Here’s a sales process example I remember from when we were looking at CRM software solutions. This sales rep, Bob, found me on LinkedIn and initiated contact. He then emailed me, saying he had a lead generation solution connecting the social media platforms to Salesforce.
Well, since we were talking about lead generation, I was more than mildly curious and agreed to meeting him.
Reviewing Bob’s Sales Process
After the preliminaries, Bob moved his sales process forward, asking probing questions about our working environment and some of our sales practices. In fact, he focused mainly on how we generated leads and how we integrated LinkedIn and Facebook into our CRM software.
After his diagnosis, Bob pulled two sheets from his portfolio and placed them on the table. Then he said, “Let’s look at these two solutions. The will help your team in their lead generation and prospecting activities.”
Now, looking at that thick, product folder, I could see he had a lot of other stuff packed in there. And I have to say, I was curious about some of the other products he was carrying around.
However, Bob was a professional. He stuck to the two sheets that were on the table. He systematically outlined the two products on the table as solutions to the issues that we reviewed in our discussion. And he highlighted various features against the challenges that we discussed.
Now, here’s what he didn’t do.
Bob didn’t systematically cycle through everything he had in his portfolio, hoping something would stick, a process we affectionately call the “spray and pray” method.
He didn’t deviate from the solution he was proposing.
He didn’t keep his portfolio visible. Nor did he put all his product brochures on the table where they would distract from our conversation.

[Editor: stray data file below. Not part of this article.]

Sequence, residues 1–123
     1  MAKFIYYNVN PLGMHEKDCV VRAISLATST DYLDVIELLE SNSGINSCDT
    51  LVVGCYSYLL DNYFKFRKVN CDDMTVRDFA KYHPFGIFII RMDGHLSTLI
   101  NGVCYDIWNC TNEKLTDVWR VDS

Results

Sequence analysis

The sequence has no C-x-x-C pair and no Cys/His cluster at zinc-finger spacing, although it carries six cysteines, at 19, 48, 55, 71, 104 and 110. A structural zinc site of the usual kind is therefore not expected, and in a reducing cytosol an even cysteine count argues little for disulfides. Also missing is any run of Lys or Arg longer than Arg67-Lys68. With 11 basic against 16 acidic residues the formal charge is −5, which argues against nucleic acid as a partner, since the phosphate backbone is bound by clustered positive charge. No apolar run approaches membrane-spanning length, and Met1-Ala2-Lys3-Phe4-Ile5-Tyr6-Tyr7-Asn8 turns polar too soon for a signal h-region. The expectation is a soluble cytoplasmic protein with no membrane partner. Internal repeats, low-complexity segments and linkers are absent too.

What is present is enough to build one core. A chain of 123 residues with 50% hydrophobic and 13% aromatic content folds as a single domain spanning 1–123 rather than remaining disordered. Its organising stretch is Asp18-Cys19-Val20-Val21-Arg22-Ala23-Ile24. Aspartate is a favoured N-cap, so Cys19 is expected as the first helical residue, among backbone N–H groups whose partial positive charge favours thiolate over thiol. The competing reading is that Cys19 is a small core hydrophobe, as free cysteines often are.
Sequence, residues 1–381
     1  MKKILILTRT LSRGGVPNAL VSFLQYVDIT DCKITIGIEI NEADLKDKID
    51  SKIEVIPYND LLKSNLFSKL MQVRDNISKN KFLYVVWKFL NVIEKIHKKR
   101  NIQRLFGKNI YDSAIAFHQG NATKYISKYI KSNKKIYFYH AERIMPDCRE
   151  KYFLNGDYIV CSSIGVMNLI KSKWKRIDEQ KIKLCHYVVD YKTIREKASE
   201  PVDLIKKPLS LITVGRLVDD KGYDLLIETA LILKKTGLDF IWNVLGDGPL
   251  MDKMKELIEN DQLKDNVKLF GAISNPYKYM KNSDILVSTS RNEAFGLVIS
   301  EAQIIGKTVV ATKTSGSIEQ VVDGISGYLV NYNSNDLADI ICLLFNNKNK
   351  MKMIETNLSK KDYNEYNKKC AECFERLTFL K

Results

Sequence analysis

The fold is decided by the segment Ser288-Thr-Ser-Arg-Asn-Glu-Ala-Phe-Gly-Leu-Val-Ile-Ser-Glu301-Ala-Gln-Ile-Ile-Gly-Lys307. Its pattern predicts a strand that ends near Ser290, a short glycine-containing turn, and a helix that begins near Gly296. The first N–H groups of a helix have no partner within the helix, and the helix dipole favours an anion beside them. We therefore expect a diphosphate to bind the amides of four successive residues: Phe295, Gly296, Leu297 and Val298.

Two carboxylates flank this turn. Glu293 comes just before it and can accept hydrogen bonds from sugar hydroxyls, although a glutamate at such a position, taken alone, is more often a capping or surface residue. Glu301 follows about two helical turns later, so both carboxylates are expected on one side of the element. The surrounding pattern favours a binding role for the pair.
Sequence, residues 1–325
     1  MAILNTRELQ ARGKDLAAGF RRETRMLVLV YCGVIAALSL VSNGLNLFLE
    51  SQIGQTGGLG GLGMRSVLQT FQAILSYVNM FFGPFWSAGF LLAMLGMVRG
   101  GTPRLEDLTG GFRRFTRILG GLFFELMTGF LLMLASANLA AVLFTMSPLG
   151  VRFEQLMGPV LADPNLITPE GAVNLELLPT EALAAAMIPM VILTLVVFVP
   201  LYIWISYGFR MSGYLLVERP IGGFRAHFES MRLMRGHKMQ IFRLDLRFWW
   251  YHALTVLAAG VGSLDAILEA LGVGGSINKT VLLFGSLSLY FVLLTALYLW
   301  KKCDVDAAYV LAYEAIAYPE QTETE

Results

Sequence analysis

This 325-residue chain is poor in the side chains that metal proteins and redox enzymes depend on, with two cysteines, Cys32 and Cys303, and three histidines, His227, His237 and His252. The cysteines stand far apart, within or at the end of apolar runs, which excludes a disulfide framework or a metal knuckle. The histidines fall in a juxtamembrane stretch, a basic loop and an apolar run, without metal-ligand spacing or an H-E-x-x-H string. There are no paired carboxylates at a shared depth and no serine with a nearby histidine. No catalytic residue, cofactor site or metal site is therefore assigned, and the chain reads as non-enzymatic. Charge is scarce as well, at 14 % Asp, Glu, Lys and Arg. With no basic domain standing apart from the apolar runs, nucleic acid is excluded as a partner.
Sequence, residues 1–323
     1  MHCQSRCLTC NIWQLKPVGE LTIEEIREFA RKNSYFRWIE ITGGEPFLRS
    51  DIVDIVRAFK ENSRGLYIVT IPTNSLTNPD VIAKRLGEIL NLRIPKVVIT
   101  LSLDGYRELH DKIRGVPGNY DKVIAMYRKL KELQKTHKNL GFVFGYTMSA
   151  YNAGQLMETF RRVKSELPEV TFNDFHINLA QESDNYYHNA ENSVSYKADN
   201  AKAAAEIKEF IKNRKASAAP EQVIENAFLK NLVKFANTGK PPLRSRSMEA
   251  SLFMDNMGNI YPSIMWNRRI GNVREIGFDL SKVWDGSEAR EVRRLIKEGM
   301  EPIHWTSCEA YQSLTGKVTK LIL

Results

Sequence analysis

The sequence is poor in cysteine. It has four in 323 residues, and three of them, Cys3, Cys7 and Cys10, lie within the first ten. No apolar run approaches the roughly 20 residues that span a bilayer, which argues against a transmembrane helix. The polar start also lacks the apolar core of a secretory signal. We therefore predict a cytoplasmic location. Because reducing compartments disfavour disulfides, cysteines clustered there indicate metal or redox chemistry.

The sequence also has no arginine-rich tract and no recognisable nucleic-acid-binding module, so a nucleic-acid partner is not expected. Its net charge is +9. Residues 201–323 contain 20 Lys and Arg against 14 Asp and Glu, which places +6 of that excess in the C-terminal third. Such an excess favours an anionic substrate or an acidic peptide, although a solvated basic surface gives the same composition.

Bob stuck to the solution. He focused on the issues we had discussed earlier and revealed how these two products, when coupled with our environment and systems, would solve our challenges.
When Presenting Your Solution, Keep it Focused On Solving Your Prospect’s Problem
I remember Bob and the way he presented his solution as someone who gave me enough information to solve our most pressing problem. He wasn’t someone who showed up for a fishing expedition. That is, he didn’t offer a suite of really cool products that could get lost in a sea of other really cool products.
Take your time and profile your prospect’s environment. Understand their challenges and identify their desired outcome. In doing so, you won’t have to throw everything at them in the hopes of finding something that sticks. You don’t have to spread out your whole product portfolio like an “all you can eat” product smorgasbord.
Understand this. Your prospect has a problem that is staring them squarely in the face every day. That’s a daily reminder that you have a solution for them, if you position it that way.
In our training programs, one of our operating principles is to keep the conversation focused on your prospect’s challenges. Stay away from anything about your products, or your portfolio of products, that will distract them from the challenge they are trying to solve. They need a solution, not confusion.
So, when you are presenting your solution, remember this rule for prescribing solutions:
Give your buyer enough information, and no more, about your solution and how it will benefit them, to convince them that they are justified in buying.
Anything else is a distraction and slows down your sales process. Good Selling!